Page: 42And now in this season of perplexity, he too, with the rest, was in sore distress, and could not sleep; but anon, getting a snatch of sleep, he had a dream. It seemed to him in a vision that there was a storm of thunder and lightning, and a bolt fell on his father's house, and thereupon the house was all in a blaze. He sprung up in terror, and pondering the matter, decided that in part the dream was good: in that he had seen a great light from Zeus, whilst in the midst of toil and danger. But partly too he feared it, for evidently it had come from Zeus the king. And the fire kindled all around—what could that mean but that he was hemmed in by various perplexities, and so could not escape from the country of the king? The full meaning, however, is to be discovered from what happened after the dream.
This is what took place. As soon as he was fully awake, the first clear thought which came into his head was, Why am I lying here? The night advances; with the day, it is like enough, the enemy will be upon us. If we are to fall into the hands of the king, what is left us but to face the most horrible of sights, and to suffer the most fearful pains, and then to die, insulted, an ignominious death? To defend ourselves—to ward off that fate—not a hand stirs: no one is preparing, none cares; but here we lie, as though it were time to rest and take our ease. I too! what am I waiting for? a general to undertake the work? and from what city? am I waiting till I am older mysef and of riper age? older I shall never be, if to-day I betray myself to my enemies.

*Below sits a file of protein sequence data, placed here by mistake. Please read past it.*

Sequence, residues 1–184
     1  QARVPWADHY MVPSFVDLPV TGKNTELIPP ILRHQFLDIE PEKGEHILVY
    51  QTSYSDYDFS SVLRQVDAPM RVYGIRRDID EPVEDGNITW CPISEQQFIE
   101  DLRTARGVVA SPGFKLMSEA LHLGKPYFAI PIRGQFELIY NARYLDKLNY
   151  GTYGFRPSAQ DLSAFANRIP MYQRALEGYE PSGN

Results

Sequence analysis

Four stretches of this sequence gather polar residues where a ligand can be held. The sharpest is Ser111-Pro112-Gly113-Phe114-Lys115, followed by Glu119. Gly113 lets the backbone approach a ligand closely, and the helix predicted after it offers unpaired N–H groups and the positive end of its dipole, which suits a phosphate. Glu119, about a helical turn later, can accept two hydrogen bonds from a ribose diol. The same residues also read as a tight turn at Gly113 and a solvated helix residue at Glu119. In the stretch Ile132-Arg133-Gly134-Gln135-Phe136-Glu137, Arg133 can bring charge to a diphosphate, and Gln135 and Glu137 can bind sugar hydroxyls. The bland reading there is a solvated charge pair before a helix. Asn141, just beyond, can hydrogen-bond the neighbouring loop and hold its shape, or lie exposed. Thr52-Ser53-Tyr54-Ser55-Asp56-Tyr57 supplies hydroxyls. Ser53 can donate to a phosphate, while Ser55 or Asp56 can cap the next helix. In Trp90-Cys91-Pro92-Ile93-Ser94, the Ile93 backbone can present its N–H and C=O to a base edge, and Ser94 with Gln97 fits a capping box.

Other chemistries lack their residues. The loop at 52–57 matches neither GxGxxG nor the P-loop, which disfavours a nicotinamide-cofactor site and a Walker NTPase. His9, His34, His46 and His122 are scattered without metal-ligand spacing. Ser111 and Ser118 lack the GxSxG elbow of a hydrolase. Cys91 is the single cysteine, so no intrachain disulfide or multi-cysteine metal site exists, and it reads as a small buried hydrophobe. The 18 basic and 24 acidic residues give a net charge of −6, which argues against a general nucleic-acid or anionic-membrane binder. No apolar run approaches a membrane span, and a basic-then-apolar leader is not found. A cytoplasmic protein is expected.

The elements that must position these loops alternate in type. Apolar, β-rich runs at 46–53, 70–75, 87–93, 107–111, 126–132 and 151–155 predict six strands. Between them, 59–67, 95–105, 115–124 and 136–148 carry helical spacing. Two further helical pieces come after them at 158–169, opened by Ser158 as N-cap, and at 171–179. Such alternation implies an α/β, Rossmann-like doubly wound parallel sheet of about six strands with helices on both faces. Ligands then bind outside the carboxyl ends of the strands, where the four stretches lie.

Thereupon he got up, and called together first Proxenus's officers; and when they were met, he said: "Sleep, sirs, I cannot, nor can you, I fancy, nor lie here longer, when I see in what straits we are. Our enemy, we may be sure, did not open war upon us till he felt he had everything amply ready; yet none of us shows a corresponding anxiety to enter the lists of battle in the bravest style.
"And yet, if we yield ourselves and fall into the king's power, need we ask what our fate will be? This man, who, when his own brother, the son of the same parents, was dead, was not content with that, but severed head and hand from the body, and nailed them to a cross. We, then, who have not even the tie of blood in our favour, but who marched against him, meaning to make a slave of him instead of a king—and to slay him if we could: what is likely to be our fate at his hands? Will he not go all lengths so that, by inflicting on us the extreme of ignominy and torture, he may rouse in the rest of mankind a terror of ever marching against him any more? There is no question but that our business is to avoid by all means getting into his clutches.